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Monday, November 04, 2002

The Other Eight Mile

I’m eagerly awaiting the arrival of the new Eminem movie, “Eight Mile,” which is scheduled for release this weekend. The old rebel in me is looking forward to seeing the young rebel on the big screen. I hear that there are those who say it’s too late for that, the rebel days are over now that M has hit a certain level of acceptance and a movie contract. They say he’s entering the Elvis Presley Blue Hawaii period.

I don’t believe it, and my sons certainly don’t buy it. They hold Eminem in the same awe and respect that we held Dylan. So I’m hoping the movie will help bring me more up to date on this most interesting artist.

So I’m sitting on the deck, enjoying my lunch in the toasty autumn air, classic rock radio station in the background, thinking about the movie (“Eight Mile” is the name of the thoroughfare that divides the white suburbs from the black inner city), and all the misfortune which has befallen my old city of Detroit .

I lived there as a little boy in the forties when my Dad worked double shifts in one of the auto plants converted to tank-making for the War effort. We lived near Six Mile, which in those days was a perfectly nice neighborhood of big, well-crafted, turn-of-the-century houses on tree-lined streets. In fact, Detroit was a solid and vibrant city in those days. Today, Six Mile resembles Berlin circa 1946, a landscape of complete desolation. When I recall my pleasant days there, it’s hard to fathom.

In the middle of this reverie, if I can call it that, the radio comes forth with another eight-mile reference—in this case, the great Byrds’ classic, “Eight Miles High.” Some songs are so compelling, so revolutionary to your ears the first time you hear them, you can recall in an instant what you were doing at the time.

It was just after my birthday in mid-March, 1966. One of the first nice spring days. I was a fresh-faced young sales rep, calling on advertising executives. The job sucked but I got to meet some very bright and hip folks who helped keep me in the loop. One of these was John Marino, a prince of a guy, on whom I was calling this particular afternoon, just after lunch.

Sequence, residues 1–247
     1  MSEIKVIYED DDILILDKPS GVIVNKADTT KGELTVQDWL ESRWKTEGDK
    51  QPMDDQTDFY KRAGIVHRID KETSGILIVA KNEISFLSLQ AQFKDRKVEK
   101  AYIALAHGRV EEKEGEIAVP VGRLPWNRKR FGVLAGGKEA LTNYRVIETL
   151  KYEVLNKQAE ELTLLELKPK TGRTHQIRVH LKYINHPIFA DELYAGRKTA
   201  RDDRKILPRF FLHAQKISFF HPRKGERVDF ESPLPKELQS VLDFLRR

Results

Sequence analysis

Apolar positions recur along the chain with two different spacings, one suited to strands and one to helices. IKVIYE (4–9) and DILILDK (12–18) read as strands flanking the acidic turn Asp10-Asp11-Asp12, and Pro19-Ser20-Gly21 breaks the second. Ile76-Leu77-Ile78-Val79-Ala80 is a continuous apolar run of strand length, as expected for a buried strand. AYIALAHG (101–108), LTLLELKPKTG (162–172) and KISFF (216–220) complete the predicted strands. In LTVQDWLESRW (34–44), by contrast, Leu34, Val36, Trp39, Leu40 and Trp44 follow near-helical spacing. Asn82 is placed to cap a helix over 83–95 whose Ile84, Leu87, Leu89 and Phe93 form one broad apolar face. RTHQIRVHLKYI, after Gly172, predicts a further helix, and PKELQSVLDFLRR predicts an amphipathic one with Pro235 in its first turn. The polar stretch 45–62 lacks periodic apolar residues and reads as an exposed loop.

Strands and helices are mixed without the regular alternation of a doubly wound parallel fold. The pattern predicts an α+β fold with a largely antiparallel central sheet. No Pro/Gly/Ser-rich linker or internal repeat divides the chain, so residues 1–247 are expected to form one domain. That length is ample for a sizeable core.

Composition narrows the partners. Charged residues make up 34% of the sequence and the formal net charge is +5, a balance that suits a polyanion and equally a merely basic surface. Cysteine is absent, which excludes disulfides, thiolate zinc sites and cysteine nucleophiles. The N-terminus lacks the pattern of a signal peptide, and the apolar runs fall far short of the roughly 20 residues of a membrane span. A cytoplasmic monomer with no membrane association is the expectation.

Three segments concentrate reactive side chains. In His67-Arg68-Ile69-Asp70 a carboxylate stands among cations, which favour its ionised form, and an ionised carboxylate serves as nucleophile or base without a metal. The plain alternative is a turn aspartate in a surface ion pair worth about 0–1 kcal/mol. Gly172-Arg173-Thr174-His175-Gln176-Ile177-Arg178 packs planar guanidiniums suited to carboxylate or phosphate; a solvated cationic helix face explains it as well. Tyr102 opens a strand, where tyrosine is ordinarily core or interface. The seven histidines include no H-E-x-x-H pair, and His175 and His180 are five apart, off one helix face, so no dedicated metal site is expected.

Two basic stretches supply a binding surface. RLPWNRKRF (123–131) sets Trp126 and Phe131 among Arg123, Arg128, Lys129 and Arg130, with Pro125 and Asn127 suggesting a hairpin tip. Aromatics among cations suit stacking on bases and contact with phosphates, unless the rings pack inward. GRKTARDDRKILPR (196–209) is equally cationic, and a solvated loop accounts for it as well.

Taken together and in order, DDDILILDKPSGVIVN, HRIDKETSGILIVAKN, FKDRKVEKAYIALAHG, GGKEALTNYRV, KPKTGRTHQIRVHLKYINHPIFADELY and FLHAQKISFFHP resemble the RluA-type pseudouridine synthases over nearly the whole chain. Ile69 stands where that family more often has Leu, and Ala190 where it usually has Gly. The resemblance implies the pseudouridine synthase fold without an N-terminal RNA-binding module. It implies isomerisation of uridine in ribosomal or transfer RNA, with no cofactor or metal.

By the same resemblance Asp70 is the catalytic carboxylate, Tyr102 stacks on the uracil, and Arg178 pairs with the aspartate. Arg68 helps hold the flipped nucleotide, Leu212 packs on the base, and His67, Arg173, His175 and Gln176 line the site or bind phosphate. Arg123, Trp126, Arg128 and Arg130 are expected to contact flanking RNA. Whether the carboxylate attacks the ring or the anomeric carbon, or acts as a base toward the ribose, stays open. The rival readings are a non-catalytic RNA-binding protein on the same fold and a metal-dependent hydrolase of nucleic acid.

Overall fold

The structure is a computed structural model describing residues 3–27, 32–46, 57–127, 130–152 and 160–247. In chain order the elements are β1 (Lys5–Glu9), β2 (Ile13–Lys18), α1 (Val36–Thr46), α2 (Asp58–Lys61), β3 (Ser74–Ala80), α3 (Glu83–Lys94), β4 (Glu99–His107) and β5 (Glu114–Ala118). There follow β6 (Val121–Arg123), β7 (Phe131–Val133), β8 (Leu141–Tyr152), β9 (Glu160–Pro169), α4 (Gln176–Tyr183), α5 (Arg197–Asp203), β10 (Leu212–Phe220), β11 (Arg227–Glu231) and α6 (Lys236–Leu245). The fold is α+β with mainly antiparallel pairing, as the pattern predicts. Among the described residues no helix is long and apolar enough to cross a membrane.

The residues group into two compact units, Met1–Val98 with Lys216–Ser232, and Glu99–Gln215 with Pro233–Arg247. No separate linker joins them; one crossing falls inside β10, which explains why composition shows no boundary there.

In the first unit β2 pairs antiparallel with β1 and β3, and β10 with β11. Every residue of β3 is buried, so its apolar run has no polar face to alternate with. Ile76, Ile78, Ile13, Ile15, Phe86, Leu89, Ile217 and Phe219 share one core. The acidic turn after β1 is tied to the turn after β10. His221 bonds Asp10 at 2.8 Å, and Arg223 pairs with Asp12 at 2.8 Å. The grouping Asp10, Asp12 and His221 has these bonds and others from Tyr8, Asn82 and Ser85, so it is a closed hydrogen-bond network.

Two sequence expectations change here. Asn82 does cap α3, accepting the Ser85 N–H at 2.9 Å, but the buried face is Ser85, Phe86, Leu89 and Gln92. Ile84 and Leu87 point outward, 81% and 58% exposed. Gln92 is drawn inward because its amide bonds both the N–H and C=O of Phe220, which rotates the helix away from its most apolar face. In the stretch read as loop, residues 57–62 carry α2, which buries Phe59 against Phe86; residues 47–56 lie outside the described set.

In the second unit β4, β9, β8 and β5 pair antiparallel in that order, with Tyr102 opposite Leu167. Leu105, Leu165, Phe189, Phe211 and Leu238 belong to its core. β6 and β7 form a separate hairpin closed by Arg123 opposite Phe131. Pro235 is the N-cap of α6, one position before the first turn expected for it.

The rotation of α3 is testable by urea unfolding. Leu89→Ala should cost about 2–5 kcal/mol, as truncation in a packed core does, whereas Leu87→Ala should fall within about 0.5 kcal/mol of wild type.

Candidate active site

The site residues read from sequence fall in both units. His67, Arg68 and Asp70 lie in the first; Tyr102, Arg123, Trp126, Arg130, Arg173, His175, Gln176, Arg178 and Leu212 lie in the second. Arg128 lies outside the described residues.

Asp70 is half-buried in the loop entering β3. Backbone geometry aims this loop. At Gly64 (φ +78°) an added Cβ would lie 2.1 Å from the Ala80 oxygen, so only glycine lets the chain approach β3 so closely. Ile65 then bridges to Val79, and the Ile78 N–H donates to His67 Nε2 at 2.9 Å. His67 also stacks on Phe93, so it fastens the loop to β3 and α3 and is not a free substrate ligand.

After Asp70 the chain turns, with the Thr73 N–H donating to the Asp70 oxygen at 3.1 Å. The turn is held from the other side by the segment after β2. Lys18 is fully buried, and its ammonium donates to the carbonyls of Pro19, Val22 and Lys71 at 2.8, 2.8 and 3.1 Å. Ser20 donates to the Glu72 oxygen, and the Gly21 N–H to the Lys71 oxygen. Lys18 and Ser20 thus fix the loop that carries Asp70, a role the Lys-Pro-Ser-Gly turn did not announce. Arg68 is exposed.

John said, “Fuck the office. Let’s go down to the Sausalito waterfront.” (The work ethic was different in those days, folks). The client calls the shots, so I dutifully replied, “Sure, John. If you say so.”

We repaired to a great waterfront joint called Zack’s (Bay Area old-timers will probably recall it). On the way over, John pulled out a couple of fat, pre-rolled joints to start the afternoon right. “The shit that a salesman has to put up with, right Tom?”

While John and I were putting away our third or fourth beer on the sun-splashed deck, the juke-box vendor stopped by in the bar to install some of the latest releases. (Do they still make the rounds like that? Not being a denizen of juke joints any longer, I wouldn’t know). The juke-box guy punches up the new stuff, and out comes this incredible minor-chord guitar mélange and the following lyrics:

” Eight miles high and when you touch down
You'll find that it's stranger than known
Signs in the street that say where you're going
Are somewhere just being their own

No-where is there to be found
Among those afraid of losing their ground
Mean grey town known for its sound
In places small places un-bound

Now the squares of moving storms
Some laughing some just shapeless forms
Sidewalk scenes and black limousines
Some living some standing alone”

John raised his bottle and proclaimed, “Tom, popular music is never going to be the same. 1966 is going to be an amazing year.”

How right you were, John. This was the overture to the psychedelic period--when, BTW, our esteemed prez--and then frat rat--George W, lost interest in the Beatles. (The Byrds? He probably never heard of'em).


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